In his acceptance speech, Nazarbayev explained the necessity for the country not to stop its process of modernization, claiming that: “We cannot stand idle. We have to move forward availing on our success to strengthen our statehood”. He underlined the next years are going to assume a great relevance not only for the stability of the country, but also for the realization of a wider spectrum of reforms.The President, in fact, seemed more interested to illustrate the long term path than campaign promises, by identifying five fundamental points for the modernization: state apparatus and meritocracy; rule of law; industrialization and economic growth; strengthening Kazakhstani identity; transparent and accountable state
Among them, there are two key points of Nazarbayev’s presidency. The first, the continuation of the process of economic reforms started with new amendments on law on investments and the main economic development program “Nurly Jol”, within the strategic plan “Strategy 2050”, aimed to put the country among the top 30 world economies. The second, no less important, achievement of a multinational, tolerant and secular society where all the 130 ethnic and 17 religious communities can live in concord.
In addition, Kazakh President stressed the importance of combating corruption, the consolidation of rule of law, the professionalization and training of bureaucratic officials. There is a commitment for the introduction of scrutiny for state apparatus, meritocratic selection criteria and transparency. Moreover, these proposals for “openness” should extend also to political system.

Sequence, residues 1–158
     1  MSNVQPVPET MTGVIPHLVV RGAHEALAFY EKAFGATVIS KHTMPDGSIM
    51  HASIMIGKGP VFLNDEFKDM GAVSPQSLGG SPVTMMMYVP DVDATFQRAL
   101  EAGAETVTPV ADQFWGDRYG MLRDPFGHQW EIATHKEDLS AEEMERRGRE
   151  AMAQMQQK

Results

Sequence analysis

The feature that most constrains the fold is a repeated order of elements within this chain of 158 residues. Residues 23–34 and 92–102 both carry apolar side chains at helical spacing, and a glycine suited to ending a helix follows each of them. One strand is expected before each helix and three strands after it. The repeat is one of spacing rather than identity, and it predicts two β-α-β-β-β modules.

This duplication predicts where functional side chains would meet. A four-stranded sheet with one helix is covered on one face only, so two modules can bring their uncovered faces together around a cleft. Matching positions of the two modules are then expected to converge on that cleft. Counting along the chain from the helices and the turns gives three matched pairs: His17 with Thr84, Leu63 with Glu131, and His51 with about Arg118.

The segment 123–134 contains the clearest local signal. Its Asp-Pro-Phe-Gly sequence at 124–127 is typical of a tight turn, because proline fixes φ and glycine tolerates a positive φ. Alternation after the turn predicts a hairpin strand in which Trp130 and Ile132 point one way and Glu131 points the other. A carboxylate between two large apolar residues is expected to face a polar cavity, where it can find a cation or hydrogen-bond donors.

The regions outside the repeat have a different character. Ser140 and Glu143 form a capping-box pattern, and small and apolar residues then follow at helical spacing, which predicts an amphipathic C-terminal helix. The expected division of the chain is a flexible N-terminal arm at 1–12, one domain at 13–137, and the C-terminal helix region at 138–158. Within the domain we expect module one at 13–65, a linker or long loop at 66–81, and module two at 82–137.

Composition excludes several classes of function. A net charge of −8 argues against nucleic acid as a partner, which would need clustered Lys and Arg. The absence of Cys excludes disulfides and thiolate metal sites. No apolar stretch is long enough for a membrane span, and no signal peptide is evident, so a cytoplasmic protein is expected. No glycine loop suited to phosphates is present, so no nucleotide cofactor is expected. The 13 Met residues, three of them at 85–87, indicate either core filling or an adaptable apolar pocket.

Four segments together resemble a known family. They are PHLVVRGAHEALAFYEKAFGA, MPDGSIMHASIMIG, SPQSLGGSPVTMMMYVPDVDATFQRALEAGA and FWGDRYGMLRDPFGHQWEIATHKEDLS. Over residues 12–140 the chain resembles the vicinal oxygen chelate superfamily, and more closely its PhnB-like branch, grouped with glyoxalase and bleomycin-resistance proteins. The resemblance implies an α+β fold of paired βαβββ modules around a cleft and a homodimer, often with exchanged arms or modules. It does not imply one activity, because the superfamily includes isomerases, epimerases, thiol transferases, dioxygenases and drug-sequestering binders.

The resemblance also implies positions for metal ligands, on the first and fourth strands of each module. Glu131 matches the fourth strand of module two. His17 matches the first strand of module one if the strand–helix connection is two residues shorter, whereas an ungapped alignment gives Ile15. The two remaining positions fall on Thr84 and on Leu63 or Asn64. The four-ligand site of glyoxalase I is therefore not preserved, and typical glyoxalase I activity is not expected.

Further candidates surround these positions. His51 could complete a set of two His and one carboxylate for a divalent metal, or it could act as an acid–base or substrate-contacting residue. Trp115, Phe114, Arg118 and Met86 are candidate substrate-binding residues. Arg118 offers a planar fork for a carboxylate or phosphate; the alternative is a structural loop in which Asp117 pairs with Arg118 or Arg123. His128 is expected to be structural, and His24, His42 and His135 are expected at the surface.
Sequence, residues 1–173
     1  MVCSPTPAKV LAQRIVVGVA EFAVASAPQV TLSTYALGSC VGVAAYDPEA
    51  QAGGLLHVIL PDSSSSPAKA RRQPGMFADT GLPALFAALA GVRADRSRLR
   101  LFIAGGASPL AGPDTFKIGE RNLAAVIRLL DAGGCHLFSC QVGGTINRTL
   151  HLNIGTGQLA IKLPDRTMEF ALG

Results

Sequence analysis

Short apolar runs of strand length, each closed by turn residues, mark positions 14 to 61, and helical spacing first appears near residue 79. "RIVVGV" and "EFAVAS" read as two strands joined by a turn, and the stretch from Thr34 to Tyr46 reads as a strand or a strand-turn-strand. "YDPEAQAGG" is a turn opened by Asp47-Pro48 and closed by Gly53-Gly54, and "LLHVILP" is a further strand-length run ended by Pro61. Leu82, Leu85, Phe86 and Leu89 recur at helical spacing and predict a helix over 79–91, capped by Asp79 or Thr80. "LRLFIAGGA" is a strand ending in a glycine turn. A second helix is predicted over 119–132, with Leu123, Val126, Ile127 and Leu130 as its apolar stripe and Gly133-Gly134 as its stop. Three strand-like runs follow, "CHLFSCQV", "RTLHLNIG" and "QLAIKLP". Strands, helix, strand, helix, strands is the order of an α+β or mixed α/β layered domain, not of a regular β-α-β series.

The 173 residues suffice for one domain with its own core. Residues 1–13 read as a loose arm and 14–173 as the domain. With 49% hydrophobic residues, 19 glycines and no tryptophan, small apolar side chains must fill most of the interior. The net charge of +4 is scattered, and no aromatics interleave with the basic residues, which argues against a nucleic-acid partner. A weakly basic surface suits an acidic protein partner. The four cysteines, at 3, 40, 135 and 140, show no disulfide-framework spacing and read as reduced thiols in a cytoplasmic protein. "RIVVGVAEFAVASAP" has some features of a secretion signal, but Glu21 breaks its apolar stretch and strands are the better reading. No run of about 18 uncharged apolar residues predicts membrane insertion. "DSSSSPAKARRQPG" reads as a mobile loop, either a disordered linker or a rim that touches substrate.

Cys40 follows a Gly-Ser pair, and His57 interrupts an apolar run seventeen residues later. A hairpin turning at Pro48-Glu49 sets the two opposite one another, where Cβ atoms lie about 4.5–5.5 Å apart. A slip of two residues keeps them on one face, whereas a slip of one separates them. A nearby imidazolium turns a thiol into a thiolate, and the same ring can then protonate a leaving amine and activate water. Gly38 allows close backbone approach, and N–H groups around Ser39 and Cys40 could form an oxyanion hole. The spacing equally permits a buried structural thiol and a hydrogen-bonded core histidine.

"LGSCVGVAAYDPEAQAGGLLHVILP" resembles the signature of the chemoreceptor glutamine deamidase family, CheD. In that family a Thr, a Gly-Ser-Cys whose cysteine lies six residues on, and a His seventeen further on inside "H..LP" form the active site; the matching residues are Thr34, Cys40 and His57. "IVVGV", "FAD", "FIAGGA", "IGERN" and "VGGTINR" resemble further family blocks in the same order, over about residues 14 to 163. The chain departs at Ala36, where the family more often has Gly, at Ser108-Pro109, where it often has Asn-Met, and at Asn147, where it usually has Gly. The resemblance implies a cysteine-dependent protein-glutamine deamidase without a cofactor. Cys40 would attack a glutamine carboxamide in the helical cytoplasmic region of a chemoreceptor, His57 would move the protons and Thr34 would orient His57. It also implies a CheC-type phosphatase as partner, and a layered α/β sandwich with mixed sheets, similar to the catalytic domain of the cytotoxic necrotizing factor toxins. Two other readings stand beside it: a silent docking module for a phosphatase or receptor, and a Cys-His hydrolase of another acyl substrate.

In Nazarbayev’s view, new constitutional reforms should promote a progressive ceding of responsibilities and resources from state structures to regional ones and a transfer of power form the Presidency to the Government and the Parliament. The aim is the creation of a more balanced system of government with a clear division among state institutions, as only in part realized with the constitutional changes in 2007, when were introduced changes to electoral law and the relations between the Prime Minister and the Parliament.
If the calling of new presidential election can be analyzed recurring to motivations of economic stability and the maintenance of socio-political internal concord, the intervention of the President added new significances to the upcoming vote. The five structural areas of reforms listed by Nazarbayev mean the necessity, no longer possible to postpone, to implement a comprehensive package of institutional, administrative, judiciary and economic reforms in order to sustain the modernization of the country.